Her story: Before joining DPS in 2014, Mitchell was a journalist who covered public education for many years, including a long stint at the now-closed Rocky Mountain News. She also worked for Education News Colorado, which was one of the online news organizations that merged to form Chalkbeat. After leaving journalism, she directed communications for the Colorado Department of Higher Education and the Education Commission of the States.

Allen Smith

Allen Smith, Chief of the Culture, Equity and Leadership Team
Salary: $145,000
Duties: Provides vision and leadership to make the district a diverse, inclusive and equitable organization; develops strategic plans and measurable outcomes and reports on the status of that work to the district, the school board and the community; works with the Family and Community Engagement and Chief of Staff teams to ensure community voices are heard.
His story: Smith is a DPS graduate who became an educator and served as principal of three DPS schools, as well as executive director of a network of schools undergoing the district’s biggest turnaround effort in far northeast Denver. He left the city to take administrator positions in Charlotte, N.C. and Oakland, Calif. before returning to work in DPS last year.

David Suppes

David Suppes, Chief Operating Officer
Salary: $187,035
Duties: Develops objectives and performance goals for each operational department, such as budget, facilities and transportation; establishes, plans for and carries out district initiatives and priorities; evaluates effectiveness of operational policies and makes recommendations for revisions or new policies; works to improve services for schools, students and parents.
His story: Before joining DPS in 2009, Suppes worked in financial and business leadership positions at Staples and Level 3 Communications, where Boasberg also worked. Suppes has been a volunteer tutor in DPS for several years and served as board treasurer for Metro Caring. He was also a member of the Governor’s Early Childhood Leadership Commission.

Movers and shakers

Berrick Abramson to lead education work at Colorado think tank, Keystone

Berrick Abramson (Courtesy Keystone)

Berrick Abramson, a national expert on school accountability and the teacher workforce, is joining the Colorado-based Keystone Policy Center to lead its education work, the organization announced Tuesday.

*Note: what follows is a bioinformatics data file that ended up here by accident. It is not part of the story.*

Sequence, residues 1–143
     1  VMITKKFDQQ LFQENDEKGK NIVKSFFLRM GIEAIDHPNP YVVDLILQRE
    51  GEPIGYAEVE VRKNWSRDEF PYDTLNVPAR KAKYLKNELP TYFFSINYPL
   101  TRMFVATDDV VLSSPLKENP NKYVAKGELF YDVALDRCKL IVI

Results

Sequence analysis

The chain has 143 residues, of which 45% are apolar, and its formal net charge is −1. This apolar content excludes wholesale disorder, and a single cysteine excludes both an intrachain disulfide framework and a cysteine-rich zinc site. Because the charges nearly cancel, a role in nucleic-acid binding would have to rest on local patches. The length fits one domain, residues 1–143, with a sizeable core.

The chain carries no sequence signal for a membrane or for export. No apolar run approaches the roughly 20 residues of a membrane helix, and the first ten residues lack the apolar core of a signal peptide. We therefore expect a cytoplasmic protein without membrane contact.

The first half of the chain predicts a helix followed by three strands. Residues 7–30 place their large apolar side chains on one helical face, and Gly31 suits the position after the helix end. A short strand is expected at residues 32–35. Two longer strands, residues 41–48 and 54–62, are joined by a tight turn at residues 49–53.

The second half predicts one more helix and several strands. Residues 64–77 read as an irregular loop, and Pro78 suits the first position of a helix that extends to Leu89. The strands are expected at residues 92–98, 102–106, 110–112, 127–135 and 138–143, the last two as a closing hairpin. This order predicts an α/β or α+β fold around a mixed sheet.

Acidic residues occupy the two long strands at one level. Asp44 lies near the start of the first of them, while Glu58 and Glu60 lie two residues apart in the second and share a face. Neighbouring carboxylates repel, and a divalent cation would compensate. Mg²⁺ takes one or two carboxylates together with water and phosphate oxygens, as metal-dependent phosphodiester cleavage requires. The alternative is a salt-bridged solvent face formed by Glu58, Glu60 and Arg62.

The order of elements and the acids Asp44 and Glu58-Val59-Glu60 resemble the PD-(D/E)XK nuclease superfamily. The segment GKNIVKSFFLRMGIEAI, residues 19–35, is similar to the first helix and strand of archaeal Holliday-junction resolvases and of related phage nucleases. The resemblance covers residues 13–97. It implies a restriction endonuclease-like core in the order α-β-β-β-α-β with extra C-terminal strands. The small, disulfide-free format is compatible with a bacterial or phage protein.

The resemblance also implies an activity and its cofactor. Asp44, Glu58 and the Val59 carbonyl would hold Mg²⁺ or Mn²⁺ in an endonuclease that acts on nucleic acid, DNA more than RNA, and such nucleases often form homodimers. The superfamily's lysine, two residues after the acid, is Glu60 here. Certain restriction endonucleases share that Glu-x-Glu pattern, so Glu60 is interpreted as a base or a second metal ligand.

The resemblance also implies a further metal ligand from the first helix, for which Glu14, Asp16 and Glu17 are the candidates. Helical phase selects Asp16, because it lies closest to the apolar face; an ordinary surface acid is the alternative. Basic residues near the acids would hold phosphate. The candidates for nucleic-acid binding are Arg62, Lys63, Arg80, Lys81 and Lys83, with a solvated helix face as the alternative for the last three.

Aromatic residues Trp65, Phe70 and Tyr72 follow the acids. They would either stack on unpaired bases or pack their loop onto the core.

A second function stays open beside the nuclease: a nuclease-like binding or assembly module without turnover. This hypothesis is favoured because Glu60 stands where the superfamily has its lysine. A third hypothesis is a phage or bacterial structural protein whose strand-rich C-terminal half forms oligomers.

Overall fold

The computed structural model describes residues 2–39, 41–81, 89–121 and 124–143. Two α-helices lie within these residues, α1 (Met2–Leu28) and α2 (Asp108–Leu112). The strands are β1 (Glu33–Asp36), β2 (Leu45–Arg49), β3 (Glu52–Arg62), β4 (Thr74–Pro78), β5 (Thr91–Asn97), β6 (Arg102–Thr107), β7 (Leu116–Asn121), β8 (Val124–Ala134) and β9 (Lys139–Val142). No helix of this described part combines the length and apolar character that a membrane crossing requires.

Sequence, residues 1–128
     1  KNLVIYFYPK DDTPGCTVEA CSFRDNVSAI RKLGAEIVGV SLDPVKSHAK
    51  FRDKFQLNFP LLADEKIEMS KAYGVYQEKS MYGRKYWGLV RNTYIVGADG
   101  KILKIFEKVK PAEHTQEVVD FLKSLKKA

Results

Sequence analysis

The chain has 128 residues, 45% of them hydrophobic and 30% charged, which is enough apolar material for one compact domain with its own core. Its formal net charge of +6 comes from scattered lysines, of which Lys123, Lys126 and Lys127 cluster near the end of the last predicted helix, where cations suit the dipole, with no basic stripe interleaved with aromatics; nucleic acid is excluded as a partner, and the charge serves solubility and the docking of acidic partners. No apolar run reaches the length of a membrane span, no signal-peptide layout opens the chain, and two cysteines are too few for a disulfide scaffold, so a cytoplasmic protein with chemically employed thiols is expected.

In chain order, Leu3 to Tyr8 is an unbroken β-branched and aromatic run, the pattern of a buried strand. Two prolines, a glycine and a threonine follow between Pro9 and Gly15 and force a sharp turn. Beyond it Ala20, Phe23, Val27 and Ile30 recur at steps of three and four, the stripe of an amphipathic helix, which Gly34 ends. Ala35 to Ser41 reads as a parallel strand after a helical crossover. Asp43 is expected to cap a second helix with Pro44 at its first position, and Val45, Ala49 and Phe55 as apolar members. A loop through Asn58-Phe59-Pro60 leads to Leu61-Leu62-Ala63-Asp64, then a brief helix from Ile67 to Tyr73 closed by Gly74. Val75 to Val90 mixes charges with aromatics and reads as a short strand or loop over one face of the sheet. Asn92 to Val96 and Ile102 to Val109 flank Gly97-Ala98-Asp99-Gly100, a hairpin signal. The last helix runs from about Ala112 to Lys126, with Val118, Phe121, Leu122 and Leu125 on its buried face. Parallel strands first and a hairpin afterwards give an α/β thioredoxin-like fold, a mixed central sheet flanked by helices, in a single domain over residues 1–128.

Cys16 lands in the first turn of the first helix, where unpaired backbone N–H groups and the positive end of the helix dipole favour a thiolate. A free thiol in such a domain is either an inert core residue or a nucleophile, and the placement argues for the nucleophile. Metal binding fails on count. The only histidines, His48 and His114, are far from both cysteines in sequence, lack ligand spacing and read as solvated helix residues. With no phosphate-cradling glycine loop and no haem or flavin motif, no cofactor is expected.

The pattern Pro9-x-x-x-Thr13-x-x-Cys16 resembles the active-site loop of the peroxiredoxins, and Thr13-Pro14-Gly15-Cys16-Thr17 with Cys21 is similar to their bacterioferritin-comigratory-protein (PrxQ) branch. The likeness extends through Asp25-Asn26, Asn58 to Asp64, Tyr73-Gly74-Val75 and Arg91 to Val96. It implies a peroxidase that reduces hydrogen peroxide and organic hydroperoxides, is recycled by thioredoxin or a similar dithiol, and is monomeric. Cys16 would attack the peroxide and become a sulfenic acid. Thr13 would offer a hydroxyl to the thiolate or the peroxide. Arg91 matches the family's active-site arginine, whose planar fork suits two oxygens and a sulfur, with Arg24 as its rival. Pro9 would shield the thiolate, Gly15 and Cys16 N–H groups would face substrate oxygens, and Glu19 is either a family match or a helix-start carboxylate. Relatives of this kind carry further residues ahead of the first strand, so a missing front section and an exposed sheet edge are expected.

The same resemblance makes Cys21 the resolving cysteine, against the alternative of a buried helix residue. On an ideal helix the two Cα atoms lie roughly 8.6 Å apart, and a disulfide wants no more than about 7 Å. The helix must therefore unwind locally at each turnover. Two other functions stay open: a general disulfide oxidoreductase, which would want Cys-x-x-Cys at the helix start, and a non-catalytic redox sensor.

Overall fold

Abramson, who lives in Jefferson County, joins Keystone after a long stint at TNTP, an education nonprofit formerly known as The New Teacher Project. There, he managed state and federal policy research, among other responsibilities.

“Keystone has worked with teachers, students, and policymakers — from classrooms to state Capitols — to improve public education,” Keystone’s President and CEO Christine Scanlan said in a statement. “We’re excited to bring Berrick’s expertise to Keystone to accelerate this work and help us continue to inspire leaders to reach common higher ground addressing the challenges students, teachers, and families face today.”

Abramson has advised state policymakers on a variety of education hot topics such as educator licensure, evaluation and school turnaround work. Most recently, he’s been studying and writing about the nation’s new education law, the Every Student Succeeds Act, or ESSA.

“With ESSA granting states greater autonomy, and the pitched debates over education in recent years, now more than ever we need leaders to do the hard work of building bridges and consensus,” Abramson said in a statement. “Those leaders, in my experience, need partners to help them navigate the challenges and effectively engage stakeholders. Keystone has a clear history doing just that and I’m excited to build on their 40-plus years of leadership as we grow the education practice.”

Earlier this summer, Keystone released a statewide plan for Colorado for blended learning, which combines online and traditional classroom instruction. It also has helped Colorado, Louisiana and Massachusetts find better ways to prepare teachers for success in the classroom.